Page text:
Changes to PBS for hepatitis treatment mean better and easier access to cure
Changes to the Pharmaceutical Benefits Scheme (PBS) from April 1 will benefit a number of community groups affected by viral hepatitis.
Firstly, younger Australians – those over 12 years of age – are now able to access direct acting anti-viral (DAA) medication to treat hep C. While a relatively small percentage of the population living with hepatitis C, these many young Australians were still understandably keen to be cured of the virus. It is very good news that the age restriction for under 18s has now been changed.
Another change sees the removal of mandatory genotype testing. In the early days of DAA treatment, when the medications could only treat specific hep C genotypes, it was important for specialists and treating GPs to know their patient’s genotype; that way they could prescribe the correct treatment. Pangenotypic DAAs (which work regardless of genotype) have been available for some time now and the requirement for genotype testing added an unneeded extra step for people wanting to start treatment.
Finally, Nurse Practitioners (registered nurses with authority to work in an extended clinical role) can now prescribe s100 medicines in the care and management of people living with HIV and hep B in the community, and also hep C in corrective services settings. As with the other changes, this removes potential obstacles or hurdles to starting treatment for many people, especially those living with hep C and in prison. Hepatitis NSW already has great partnerships with many nurse practitioners across the state (through, for example, our peer work and the Clearing The Path campaign) and this PBS change will further improve the impact of our work.
Hepatitis NSW is very pleased to see these changes and looks forward to assisting the various communities who will benefit. We will be updating our resources and information as necessary.
COVID-19 delays Hep C Campaign 2020
Had all gone to plan, Hep C Campaign 2020 – our major hep C cure campaign, would have kicked off at the beginning of April. Unfortunately, the massive spanner that is COVID-19 has significantly jammed up the works, forcing us to rethink the timelines.
Hep C Campaign 2020 plans to feature a major engagement component featuring peers connecting with people from the drug injecting community at NSPs and other services across the state. The campaign will also utilise street art, including footpath stencils and posters in locations near and around services. There will also be some branded merchandise to start conversations about, and to encourage uptake of, treatment.
However, the coronavirus pandemic is putting huge pressure on health services and the lockdown has forced major changes to delivery and availability of services. As a result, we have made the decision, with the support of our partners, to postpone the campaign until later in the year.
In the meantime, we are going to continue with a targeted version of our Clearing the Path campaign.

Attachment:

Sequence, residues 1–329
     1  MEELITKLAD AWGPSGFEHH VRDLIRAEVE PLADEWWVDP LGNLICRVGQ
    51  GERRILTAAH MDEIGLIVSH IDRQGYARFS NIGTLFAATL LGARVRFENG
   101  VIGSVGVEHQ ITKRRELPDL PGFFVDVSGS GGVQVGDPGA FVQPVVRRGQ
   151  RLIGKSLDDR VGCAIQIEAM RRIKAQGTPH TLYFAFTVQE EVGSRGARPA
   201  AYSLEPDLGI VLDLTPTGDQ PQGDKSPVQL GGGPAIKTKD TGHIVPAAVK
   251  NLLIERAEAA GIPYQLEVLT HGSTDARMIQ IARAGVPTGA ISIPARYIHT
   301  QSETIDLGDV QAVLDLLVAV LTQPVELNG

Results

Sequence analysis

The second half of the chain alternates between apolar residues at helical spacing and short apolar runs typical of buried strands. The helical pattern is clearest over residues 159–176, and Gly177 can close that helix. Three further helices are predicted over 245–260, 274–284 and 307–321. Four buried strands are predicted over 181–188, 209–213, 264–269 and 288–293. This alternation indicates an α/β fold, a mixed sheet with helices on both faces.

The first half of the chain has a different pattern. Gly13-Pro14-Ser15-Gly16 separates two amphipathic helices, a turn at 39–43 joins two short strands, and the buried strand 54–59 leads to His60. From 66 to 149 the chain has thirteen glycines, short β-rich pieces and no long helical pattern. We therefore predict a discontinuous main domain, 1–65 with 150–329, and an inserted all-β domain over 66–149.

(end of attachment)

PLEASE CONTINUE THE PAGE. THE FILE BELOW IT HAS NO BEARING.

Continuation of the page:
Stay tuned for the launch of our Hep C Campaign 2020 campaign. later in the year. We will keep you up-to-date as the COVID-19 situation becomes clearer.
Check out the Clearing the Path campaign website>>>CLICK HERE
Hepatitis NSW’s services and programs during COVID-19 measures
It should come as no surprise that recent developments with COVID-19, and the ensuing shutdowns or limiting of many services, has also led to changes to how Hepatitis NSW works. Here’s a summary of where our services, programs and education sessions are at for the time being. We’ll provide more information as the situation evolves.
We’re looking at all the ways we can support our community over the next few weeks and months. We’re still here for the community, just mostly online and over the phone and we’ll be back out there in all the places we’re usually found as soon as we’re able to be.
Hepatitis NSW remains committed to our colleagues and stakeholders in supporting all communities affected by viral hepatitis during this time.
A dedicated page with frequently updated info, and links to other relevant pages including a fact sheet published by Hepatitis Australia>>>Coronavirus COVID-19 factsheet for people with hepatitis B and hepatitis C
Infoline 1800 803 990 and Online Chat (hep.org.au)
Both the Infoline and Chat will continue to operate to the usual days and hours: Monday-Wednesday and Friday 9:00am-5:00pm/Thursday 1:00pm-5:00pm
Live Hep C Free program and Positive Speaker program
It will come as no surprise that all of our peer and speaker work has been cancelled for the foreseeable future as we navigate this COVID-19 situation. The safety and wellbeing of our casual staff is really important to us and as long as our healthcare partners are holding off on outreach work, so too will we. We’re doing what we can to support our peer and speaker workforce during this time and the Live Hep C Free program and Positive Speaker program will be back once it’s safe for us to get back out there.
We are recruiting at this time, however, and hoping to find lots of great peer workers to hit the ground running once the program is back up and running as normal. If you or someone you know would make a great peer worker>>> CLICK HERE to get in touch
Get Bloody Serious Workshops
To support efforts to contain the COVID-19 pandemic we have postponed external activities including training. We are developing requested training packages to be delivered online in the near future.
Resources (NSW only)
We are still filling and posting out orders for our free resources. >>>CLICK HERE to order
Our easy read comic magazine resource is still being produced and delivered – edition #34 became available online last week and will be mailed to subscribers the week after Easter. >>>CLICK HERE to read/subscribe